In the Matter of the Compensation of Adam J. Greenblatt, Claimant. Adam J. GREENBLATT, Petitioner,
SYMANTEC CORPORATION, Respondent.
and submitted January 12, 2016
Compensation Board 1305365;
Christopher D. Moore argued the cause and fled the reply
brief for petitioner. With him on the opening brief was Moore
P. Keene argued the cause for respondent. With him on the
brief was Oregon Workers' Compensation Institute, LLC.
DeVore, Presiding Judge, and Tookey, Judge, and Ja mes,
Or.App. 507] Case Summary: Claimant seeks review of an order
of the Workers' Compensation Board upholding
employer's denial of his claim for a right knee injury
that occurred as he jumped up to slap the backboard of a
basketball hoop in employer's courtyard. Claimant
contends that the board erred in determining that the injury
was not compensable because it occurred during a recreational
activity primarily for claimant's personal pleasure. ORS
656.005(7)(b)(B). Held: Reviewing the board's
order pursuant to ORS 183.482(8)(a) and (c) for substantial
evidence, substantial reason, and errors of law, the Court of
Appeals concluded that the board did not err. The court
concluded that claimant did not preserve an objection to the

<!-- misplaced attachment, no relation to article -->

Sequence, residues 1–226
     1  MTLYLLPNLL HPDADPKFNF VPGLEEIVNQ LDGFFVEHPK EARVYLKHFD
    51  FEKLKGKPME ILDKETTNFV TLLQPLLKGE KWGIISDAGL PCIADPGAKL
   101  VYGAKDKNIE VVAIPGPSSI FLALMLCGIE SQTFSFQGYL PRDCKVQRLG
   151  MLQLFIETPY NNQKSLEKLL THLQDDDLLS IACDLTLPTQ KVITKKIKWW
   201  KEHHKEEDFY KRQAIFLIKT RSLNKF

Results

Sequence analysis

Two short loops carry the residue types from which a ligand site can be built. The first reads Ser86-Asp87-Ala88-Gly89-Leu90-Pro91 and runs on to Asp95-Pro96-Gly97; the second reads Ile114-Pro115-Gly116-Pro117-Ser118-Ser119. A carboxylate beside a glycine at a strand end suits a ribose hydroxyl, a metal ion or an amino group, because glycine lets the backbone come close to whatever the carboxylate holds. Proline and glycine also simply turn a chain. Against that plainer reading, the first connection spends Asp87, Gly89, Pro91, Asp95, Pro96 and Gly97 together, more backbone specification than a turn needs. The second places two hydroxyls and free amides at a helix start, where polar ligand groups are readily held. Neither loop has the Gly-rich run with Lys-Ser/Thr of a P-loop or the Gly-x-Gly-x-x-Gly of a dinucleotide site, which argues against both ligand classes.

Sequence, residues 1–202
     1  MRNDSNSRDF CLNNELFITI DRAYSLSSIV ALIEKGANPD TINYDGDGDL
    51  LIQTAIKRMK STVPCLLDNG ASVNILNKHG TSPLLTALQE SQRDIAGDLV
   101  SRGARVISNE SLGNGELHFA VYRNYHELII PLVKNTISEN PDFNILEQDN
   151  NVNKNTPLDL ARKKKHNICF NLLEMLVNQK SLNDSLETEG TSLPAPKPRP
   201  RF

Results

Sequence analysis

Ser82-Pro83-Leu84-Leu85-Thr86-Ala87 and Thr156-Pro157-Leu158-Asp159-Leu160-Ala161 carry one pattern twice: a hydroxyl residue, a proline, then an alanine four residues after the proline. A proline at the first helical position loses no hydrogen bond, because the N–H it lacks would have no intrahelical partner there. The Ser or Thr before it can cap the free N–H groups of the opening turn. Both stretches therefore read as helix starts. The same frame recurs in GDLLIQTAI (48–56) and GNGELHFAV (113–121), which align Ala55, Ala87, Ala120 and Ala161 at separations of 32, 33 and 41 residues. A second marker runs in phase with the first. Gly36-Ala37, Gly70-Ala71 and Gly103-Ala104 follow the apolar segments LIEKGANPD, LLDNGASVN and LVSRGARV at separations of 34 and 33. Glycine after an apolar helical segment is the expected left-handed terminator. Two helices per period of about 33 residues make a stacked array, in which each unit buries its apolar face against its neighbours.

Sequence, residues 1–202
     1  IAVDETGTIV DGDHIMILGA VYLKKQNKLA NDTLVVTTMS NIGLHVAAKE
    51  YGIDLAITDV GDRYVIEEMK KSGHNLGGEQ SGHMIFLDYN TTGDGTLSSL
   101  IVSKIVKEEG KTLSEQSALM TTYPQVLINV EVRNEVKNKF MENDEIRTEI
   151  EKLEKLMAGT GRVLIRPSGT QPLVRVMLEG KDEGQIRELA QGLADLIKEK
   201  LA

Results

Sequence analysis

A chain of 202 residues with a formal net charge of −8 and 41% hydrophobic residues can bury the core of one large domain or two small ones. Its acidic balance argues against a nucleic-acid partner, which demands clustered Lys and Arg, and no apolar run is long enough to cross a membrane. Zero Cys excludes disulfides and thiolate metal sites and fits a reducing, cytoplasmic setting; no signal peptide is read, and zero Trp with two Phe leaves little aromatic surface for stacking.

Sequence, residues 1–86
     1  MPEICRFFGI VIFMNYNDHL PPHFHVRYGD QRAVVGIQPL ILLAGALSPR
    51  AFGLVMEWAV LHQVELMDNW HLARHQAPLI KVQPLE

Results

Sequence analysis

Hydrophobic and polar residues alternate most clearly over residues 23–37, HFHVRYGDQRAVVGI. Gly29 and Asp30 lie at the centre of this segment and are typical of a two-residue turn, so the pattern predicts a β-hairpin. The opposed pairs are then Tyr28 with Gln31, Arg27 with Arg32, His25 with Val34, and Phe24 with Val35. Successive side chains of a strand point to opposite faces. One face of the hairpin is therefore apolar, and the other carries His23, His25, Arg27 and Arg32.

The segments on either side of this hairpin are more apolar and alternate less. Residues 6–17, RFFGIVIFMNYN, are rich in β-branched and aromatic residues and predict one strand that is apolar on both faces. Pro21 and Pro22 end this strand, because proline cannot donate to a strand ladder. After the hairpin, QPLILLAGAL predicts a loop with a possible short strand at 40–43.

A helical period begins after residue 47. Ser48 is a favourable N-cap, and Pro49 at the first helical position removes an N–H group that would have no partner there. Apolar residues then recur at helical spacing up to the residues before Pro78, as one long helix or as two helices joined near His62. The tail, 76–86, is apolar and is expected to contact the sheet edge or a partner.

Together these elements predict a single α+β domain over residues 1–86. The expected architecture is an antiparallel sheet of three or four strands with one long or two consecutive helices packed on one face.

board's fnding that the basketball activity itself was
recreational. The court further concluded that it would not
review claimant's contention that the injury occurred
during a recreational activity, claimant having failed to
challenge the board's rationale that the injury was
the result of engaging in the recreational activity.
Finally, the court concluded that substantial evidence
supported the board's fnding that claimant engaged in the
recreational activity primarily for his personal pleasure.
Or.App. 508] TOOKEY, J.
seeks review of an order of the Workers' Compensation
Board that upholds employer's denial of his claim for a
right knee injury that occurred as he jumped up to slap the
backboard of a basketball hoop in employer's courtyard.
The board concluded that the injury was not compensable,
because it occurred during a recreational activity primarily